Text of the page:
|Checkerboard Dishcloth - Photo by Mark Pfeiffer|
Music-wise, I listened to a lot of the same stuff I’ve been spinning, so there isn’t really anything to say about that this week. Actually, there wasn’t much that I watched either, which strikes me as fairly strange when considering my viewing habits pre-social distancing. Going to a movie theater isn’t an option right now, but usually I went two to three times a week, with some of those trips including two or three movies. Since I’ve been staying at home, I’m watching a lot fewer films than I have in a long, long time. It’s mainly a time thing--I don’t have enough--but it still seems weird that in these circumstances that my viewing has reduced so dramatically.
In terms of films, the only one I saw this week was Indiana Jones and the Temple of Doom, which I watched for the podcast. (The episode is now available here and here, among other places.) My co-host had never seen it, much to my surprise, and I felt like the adventures of Harrison Ford’s archaeologist were sufficiently escapist to part ways with my intention to stick primarily to comedies. That’s not to say this movie lacks humor. In many regards it’s a looser, funnier film than a lot of today’s event movies. I don’t recall when I last saw this film, but I was stunned at how much of it came flooding back to me. It’s my least favorite of the Indiana Jones films of the 1980s, so I assume the over-the-top violence and gross-out humor in the form of disgusting delicacies and creepy crawlies made an impression when I saw this as a kid. Temple of Doom holds up better than I expected and than I think its reputation is, so it made for fun viewing in spite of the scenes of human sacrifice that helped spur the PG-13 rating’s creation.
In television, I watched the finale of Schitt’s Creek. Like a lot of people who found the sitcom, I caught up with early seasons on Netflix and watched the last two seasons as they aired after locating Pop in my cable channel guide. I’m still not sure that the show’s name was the best choice, as it suggests a cruder and broader show than this warm and generous comedy is, but ultimately it didn’t prove to be an impediment to success. It doesn’t hurt that Schitt’s Creek is highly meme-able and GIF-able, qualities that I feel have become critical for TV shows to catch on. I don’t really have anything of consequence to say about the series other than to give it a chance if you haven’t heard of it or if the name puts you off.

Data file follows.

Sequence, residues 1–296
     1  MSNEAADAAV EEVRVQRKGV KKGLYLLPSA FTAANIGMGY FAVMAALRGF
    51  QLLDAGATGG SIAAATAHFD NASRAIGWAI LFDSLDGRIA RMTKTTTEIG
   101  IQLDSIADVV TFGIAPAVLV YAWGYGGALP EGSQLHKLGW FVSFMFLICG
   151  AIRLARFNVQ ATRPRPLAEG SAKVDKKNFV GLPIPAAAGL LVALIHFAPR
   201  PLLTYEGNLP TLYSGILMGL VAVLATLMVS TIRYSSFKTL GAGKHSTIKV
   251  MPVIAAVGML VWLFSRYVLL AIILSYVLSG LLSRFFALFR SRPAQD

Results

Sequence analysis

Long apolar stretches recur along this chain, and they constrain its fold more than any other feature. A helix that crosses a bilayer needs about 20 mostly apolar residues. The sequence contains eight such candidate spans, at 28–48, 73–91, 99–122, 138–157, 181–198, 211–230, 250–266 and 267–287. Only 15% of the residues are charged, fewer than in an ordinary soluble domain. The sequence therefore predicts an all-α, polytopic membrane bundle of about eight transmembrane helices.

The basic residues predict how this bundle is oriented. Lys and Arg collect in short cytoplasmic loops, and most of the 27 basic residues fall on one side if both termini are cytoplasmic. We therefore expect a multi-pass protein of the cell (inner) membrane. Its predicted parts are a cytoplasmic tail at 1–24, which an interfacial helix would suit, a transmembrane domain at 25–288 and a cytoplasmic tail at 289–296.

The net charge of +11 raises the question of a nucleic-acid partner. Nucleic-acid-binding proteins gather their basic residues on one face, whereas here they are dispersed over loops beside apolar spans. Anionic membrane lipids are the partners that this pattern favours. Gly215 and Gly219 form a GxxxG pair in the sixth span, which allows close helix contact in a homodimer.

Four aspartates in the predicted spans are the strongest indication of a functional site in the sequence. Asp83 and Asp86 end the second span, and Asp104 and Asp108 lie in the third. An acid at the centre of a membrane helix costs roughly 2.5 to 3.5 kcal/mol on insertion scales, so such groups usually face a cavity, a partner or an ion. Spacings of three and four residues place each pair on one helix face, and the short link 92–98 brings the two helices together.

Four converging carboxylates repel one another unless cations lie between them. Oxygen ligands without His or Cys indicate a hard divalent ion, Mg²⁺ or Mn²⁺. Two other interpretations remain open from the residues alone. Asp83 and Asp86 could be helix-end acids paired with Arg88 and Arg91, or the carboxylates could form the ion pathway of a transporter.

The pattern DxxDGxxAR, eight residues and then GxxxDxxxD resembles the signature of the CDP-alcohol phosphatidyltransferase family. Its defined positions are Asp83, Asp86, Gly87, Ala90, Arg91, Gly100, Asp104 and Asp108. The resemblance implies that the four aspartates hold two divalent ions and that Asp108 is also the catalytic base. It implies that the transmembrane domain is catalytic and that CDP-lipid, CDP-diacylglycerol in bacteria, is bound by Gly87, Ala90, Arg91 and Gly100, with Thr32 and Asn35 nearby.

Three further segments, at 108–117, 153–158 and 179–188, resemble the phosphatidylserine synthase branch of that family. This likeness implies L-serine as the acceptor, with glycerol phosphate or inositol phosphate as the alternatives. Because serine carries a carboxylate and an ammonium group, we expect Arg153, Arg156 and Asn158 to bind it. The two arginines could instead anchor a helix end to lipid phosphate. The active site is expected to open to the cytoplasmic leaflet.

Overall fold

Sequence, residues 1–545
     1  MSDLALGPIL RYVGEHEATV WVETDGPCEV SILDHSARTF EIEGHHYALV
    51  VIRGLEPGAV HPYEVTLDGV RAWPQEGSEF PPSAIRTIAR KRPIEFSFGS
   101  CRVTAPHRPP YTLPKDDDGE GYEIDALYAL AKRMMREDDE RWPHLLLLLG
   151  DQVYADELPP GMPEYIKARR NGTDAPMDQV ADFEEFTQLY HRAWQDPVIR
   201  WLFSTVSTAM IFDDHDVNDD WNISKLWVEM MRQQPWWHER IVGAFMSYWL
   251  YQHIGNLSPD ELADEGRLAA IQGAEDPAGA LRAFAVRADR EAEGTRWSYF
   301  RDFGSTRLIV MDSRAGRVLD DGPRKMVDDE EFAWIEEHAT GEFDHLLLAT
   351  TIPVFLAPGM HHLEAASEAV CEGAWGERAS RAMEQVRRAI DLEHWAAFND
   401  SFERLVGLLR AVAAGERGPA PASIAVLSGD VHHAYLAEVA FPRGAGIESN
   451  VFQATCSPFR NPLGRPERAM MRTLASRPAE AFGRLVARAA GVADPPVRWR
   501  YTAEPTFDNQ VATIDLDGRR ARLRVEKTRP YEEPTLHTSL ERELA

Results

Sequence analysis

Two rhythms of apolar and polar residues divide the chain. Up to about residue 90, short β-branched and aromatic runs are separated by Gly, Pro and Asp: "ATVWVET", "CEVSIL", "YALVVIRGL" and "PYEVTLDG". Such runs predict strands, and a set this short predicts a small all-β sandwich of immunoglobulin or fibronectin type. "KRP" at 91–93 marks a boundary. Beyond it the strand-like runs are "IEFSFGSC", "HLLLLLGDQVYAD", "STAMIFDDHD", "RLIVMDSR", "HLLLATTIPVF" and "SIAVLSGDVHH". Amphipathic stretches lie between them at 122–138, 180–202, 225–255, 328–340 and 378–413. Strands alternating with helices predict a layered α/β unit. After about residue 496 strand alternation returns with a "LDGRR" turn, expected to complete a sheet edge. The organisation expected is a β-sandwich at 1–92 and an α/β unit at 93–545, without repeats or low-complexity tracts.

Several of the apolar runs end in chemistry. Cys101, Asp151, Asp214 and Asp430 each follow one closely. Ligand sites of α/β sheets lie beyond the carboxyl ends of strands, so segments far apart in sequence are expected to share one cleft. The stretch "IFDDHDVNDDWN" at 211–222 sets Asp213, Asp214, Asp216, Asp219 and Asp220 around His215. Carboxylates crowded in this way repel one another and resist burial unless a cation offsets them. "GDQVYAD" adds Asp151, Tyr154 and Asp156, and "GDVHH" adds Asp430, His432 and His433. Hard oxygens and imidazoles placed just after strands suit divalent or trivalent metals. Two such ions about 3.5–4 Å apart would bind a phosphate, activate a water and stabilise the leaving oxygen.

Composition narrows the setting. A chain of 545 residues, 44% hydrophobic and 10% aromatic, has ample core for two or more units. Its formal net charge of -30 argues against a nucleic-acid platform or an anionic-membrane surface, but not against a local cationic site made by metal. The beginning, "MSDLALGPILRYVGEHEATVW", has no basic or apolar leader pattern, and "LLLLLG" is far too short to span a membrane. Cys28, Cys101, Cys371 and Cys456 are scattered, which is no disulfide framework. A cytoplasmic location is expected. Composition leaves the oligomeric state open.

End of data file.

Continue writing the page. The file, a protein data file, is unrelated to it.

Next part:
I’ve mentioned watching Survivor, and I just want to chime in about a part of this episode that producers must think is crucial and which I find very uninteresting. This week featured visits from the cast members’ loved ones, a segment that took up way more of the episode’s time than was necessary and had no visible influence on players’ strategies. I understand that taking part in this reality show/game show must take an emotional toll on people as trust is something inherently in flux, if not outright absent, while living with the other players. And yes, I suspect that reactions are amplified for the sake of cameras as much as the charged circumstances. Maybe it’s because right now so many of us are separated from people we would like to see--and for a longer time than this season’s Winners at War returning players have been away from their friends and families--that the segment hit such a wrong note. The situations are not comparable, obviously, but for a segment that has increasingly become a disposable one on the show, this one really was a clunker.